Under the PPA terms, GRU was obligated to pay GREC approximately $1.9 billion over the next 27 years for the right to purchase biomass-sourced power.  The City decided to purchase the plant for $750 million and priced $416 million in 30-year fixed utility revenue bonds in October to partially finance the transaction (the remaining financing will be raised through private placement security sales). The bonds were rated Aa3/AA-/AA-.  Based on bond pricing, GRU is projected to save at least $768 million by terminating the PPA and assuming plant ownership.

Will Electric Rates Go Down?

GRU estimates an 8 – 10 percent drop in electric rates due to the termination of the PPA and the favorable conditions associated with the bond pricing.  This would bring some relief as GRU residential and commercial electric rates have ranked the highest – or among the highest – in Florida for the past several years, according to the Florida Municipal Electric Association.  

When Could Electric Rates Go Down?

New lower rates could potentially take effect February 1, 2018.  “Purchasing what is now known as the Deerhaven Renewable Generation Station (DHR) and buying out the power purchase agreement is a transformational moment for the city and GRU.  After just 30 days of operating DHR, the results are even better than we had anticipated,” said GRU General Manager Ed Bielarski.  There are electric rate structure “options that will save customers – whose meters are read after February 1st – between 8 and 10.3 percent on their electric bills,” added Mr. Bielarski.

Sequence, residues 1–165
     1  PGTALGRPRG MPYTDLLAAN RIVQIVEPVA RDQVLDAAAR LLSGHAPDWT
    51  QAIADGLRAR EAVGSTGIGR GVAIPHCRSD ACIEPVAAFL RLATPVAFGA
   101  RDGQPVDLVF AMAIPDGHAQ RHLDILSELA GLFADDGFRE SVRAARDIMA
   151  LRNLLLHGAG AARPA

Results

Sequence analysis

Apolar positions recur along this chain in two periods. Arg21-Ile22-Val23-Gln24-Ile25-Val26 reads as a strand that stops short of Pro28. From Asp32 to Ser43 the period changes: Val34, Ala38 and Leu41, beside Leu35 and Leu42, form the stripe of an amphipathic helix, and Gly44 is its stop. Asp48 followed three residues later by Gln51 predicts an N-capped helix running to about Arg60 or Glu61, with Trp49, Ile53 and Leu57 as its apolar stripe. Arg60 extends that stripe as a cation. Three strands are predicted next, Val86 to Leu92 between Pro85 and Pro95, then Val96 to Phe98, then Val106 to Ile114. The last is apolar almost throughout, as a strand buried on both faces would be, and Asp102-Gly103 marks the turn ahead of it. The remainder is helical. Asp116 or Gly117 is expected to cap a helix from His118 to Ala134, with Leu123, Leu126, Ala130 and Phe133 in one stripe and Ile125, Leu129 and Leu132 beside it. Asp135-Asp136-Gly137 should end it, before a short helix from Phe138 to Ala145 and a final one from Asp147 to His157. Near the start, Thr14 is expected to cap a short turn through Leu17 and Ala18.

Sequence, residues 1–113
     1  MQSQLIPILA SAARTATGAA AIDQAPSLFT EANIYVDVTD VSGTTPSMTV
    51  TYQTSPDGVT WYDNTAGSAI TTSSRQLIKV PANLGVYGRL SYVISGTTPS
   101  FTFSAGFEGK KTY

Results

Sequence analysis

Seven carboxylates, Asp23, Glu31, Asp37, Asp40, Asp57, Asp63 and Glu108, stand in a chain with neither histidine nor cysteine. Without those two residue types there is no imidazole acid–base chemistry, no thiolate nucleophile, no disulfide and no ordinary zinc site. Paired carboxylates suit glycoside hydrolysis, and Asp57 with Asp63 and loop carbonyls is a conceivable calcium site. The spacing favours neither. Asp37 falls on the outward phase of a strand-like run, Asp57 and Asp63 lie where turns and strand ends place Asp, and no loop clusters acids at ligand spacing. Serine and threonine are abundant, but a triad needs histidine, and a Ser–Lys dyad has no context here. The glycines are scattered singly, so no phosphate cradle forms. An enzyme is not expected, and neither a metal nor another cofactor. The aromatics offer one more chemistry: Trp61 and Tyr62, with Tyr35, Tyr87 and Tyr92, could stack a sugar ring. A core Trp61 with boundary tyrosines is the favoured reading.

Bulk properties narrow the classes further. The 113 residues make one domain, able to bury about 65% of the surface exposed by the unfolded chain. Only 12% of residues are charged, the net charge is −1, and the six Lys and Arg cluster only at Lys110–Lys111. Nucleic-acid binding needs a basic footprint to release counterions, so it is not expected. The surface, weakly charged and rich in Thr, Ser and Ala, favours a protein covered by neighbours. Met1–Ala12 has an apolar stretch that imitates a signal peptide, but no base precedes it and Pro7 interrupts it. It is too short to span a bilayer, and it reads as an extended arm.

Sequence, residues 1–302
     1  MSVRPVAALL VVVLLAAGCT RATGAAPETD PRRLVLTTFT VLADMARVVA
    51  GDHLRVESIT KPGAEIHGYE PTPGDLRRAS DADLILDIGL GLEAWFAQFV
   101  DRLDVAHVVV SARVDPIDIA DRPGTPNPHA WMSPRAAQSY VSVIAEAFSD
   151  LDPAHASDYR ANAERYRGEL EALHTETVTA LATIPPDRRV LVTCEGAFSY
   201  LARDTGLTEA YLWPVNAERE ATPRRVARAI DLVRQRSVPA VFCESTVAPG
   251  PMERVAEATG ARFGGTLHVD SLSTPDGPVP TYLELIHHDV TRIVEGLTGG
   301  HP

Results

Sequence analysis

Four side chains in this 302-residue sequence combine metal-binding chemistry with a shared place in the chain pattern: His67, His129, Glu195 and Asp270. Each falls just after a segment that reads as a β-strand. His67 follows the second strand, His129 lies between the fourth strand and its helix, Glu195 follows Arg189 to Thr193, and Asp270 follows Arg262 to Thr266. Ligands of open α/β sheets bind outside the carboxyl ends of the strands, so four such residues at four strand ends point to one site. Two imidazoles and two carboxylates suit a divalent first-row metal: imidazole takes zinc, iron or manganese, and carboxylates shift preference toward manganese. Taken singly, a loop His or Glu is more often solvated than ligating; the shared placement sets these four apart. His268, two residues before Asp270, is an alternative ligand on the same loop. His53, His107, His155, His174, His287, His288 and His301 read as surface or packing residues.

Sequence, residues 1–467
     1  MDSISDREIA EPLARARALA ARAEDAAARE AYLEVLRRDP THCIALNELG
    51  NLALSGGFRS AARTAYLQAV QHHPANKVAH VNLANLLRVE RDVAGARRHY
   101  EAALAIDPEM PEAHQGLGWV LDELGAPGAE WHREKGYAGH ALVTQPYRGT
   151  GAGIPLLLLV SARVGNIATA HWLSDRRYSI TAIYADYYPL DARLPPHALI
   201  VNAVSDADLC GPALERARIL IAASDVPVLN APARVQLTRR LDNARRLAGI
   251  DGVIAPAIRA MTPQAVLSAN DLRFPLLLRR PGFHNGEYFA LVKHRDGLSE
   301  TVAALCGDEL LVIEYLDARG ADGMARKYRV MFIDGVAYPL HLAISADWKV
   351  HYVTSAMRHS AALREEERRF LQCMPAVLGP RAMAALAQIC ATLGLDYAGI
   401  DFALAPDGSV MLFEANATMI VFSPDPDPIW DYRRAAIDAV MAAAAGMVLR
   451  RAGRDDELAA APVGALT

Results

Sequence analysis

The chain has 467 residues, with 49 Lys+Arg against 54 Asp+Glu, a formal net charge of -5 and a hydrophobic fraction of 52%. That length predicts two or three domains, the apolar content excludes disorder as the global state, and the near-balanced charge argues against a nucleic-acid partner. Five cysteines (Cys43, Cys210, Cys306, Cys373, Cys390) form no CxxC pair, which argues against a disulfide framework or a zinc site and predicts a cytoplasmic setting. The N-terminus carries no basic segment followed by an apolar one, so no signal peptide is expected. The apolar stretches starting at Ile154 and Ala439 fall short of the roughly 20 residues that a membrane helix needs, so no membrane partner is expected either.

Would the Electric Rates be Competitive?

“GRU’s proposed charges would make our electric rates nearly $9 less than Duke Energy’s proposed charges and move us closer to Clay Electric and FPL’s new electric rates, based on electric consumption of 1,000 kWh per month. We are delighted to be bringing these competitive services to GRU customers and City of Gainesville taxpayers,” said Mr. Bielarski.

Biomass Buyout Timeline


  • November 2017: GRU takes ownership of the biomass plant and renames it the Deerhaven Renewable Generation Station.